January and February are traditionally a time when managing cash is tough for many businesses because they follow the short trading month of December. It's a particular problem if you are due to make a VAT payment at the end of January.

Retailers are an exception because they see a huge boost in trade leading up to the holidays. But many other businesses can see their monthly turnover cut by up to 50% in December.

Businesses had barely reopened after the Christmas and New Year holidays when the UK was hit by the worst winter conditions for decades. Some were unable to open and others have been short-staffed. Even those able to operate will have found many of their customers unusually quiet.

The result of this disruption will be reduced turnover in January which will have a direct impact on cash flowing into businesses in February and March. For firms already facing a cash flow squeeze after the holiday period this could precipitate a major crisis. Some business owners are already worried that this could force them into closure, as reported by the BBC.

If you’re facing a nightmare situation in these early weeks of 2010 and wondering where you’ll find the money to pay bills and staff, you need to start planning today. Cash flow forecasting is an essential activity in any business, particularly when money is in short supply. Hoping the problem will sort itself out is not a viable strategy.

If you’ve managed to get this far through the recession without doing detailed cash flow planning you’ve been fortunate. But now you need to take time out and think about where the money is going to come from in 2010, and where it will go, and put together a month-by-month or even week-by-week estimate of your cash inflows and outflows. That way you’ll be better able to spot the crisis points that you need to find a way to get through.

In the near future I’ll be posting more advice on how to manage your cash flow, so why not make a note to follow this blog?

If you have any stories about the challenges you’re facing or want to share solutions you’ve found please get in touch – drop me an email or make contact with @biz_oh via Twitter.

Saturday, January 9, 2010

Becky Spots a Dotty Opportunity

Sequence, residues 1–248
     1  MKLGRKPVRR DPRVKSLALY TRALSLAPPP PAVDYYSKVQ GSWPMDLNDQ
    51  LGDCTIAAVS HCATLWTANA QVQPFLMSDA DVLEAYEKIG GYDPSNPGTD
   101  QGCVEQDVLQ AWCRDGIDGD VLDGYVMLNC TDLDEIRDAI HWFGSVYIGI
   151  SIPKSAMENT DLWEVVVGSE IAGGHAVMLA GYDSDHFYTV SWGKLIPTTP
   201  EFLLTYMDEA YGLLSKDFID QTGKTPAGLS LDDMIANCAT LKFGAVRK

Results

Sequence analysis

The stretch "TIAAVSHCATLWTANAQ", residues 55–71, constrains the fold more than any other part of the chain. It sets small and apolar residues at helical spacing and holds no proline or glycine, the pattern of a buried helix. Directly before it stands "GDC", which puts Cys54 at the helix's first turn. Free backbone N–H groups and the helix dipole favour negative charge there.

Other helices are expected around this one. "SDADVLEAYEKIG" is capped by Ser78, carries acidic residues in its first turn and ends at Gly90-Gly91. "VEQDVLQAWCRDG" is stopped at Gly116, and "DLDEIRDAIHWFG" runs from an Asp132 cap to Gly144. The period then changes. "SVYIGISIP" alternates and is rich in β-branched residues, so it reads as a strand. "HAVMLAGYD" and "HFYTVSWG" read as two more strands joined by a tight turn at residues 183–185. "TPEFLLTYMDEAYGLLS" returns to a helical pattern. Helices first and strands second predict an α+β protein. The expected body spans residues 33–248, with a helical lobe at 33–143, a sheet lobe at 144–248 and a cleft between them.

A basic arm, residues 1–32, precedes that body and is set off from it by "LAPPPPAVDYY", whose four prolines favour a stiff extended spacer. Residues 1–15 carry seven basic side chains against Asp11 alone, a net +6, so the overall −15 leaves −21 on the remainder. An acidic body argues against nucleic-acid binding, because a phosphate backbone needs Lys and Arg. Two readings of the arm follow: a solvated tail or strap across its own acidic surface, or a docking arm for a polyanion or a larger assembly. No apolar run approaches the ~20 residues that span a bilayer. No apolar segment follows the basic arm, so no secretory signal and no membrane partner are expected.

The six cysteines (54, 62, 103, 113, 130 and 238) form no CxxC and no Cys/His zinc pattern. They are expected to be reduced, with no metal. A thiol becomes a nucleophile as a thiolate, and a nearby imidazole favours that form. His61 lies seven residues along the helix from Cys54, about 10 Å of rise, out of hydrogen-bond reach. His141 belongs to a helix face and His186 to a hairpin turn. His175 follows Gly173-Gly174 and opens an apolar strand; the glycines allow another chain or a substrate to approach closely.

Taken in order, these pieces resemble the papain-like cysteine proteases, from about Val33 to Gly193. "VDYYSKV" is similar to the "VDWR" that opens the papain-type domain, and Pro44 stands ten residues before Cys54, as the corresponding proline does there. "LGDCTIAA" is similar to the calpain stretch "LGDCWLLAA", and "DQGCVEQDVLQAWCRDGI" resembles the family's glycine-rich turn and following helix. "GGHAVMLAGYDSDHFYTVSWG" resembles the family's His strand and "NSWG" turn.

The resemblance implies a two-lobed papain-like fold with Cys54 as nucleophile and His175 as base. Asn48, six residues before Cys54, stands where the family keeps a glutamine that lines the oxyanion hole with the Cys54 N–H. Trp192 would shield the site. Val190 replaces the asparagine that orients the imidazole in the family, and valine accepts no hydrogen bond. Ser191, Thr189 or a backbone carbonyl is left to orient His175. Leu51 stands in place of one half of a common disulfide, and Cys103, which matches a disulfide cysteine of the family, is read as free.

Here's another in my new series of articles celebrating businesses founded during the current recession.

This is the story of how a hobby became a business.

Becky Peabody, of Somerset, has always designed and made her own greetings cards. Ten years ago, following the arrival of her first child, Becky created a personal Christmas card combining her artwork with a family photo. She had 100 copies printed locally.

This became a tradition that led to a friend asking Becky to create a Christmas card for a small business. The opportunity for a larger print run, with its economies of scale, led Becky to start selling the card to others. So Dots and Spots was born.

With an initial investment of just £500 Becky has built up a range of unique and distinctively styled cards, pictures and gifts which she sells online and to a number of shops.

Getting into the market meant Becky had to approach a number of small, independent retailers directly and persuade them to take her stock. It was a thrill to have a first repeat order because it meant her creations were selling and soon other retailers were contacting her to buy stock.

Becky does not have a business background; she's worked for about ten years as a teacher and taken time out during her career to have her own family. In 2009 she took the brave decision to leave teaching to concentrate full time on Dots and Spots, which had a turnover in its first year of about £10k.

Leaving work has meant a cut in income for Becky and her husband, who has a full-time job but runs the Dots and Spots website. She's confident that business, and income, will pick up in 2010. Two agents now represent Dots and Spots products and she is hoping to participate in one or two trade shows. Turnover targets for the next year are around £20-30k and these appear realistic based on recent activity.

These are still early days for Dots and Spots. In common with most entrepreneurs Becky is investing a considerable amount of time and money (about £2k to date) in her business. She says that one of the main lessons she's learned is that "the trade element is the main 'earner' for the business and this is the area I really want to grow, but the retail provides a nice residual bit of cash, too!"

Visit their website if you'd like to know more about the Dots and Spots original and unique range of cards, gifts and pictures.

If you set up a business in late 2008 or 2009 and have a story to share drop me a line via email or make contact with @biz_oh via Twitter.

Tuesday, January 5, 2010

Extra Public Holiday in 2012


The UK government have just announced that there will be a special public holiday in 2012 to mark the Diamond Jubilee of the Queen's accession to the throne.

It will fall on Tuesday 5th June and the late May Bank Holiday is moved by one week to Monday 4th June.

This creates a four-day weekend of celebration.

Public holidays can create challenges for small businesses, particularly where more than one falls in close succession. While 2012 is still some time away, businesses should take note of these dates and be prepared to plan accordingly nearer the time.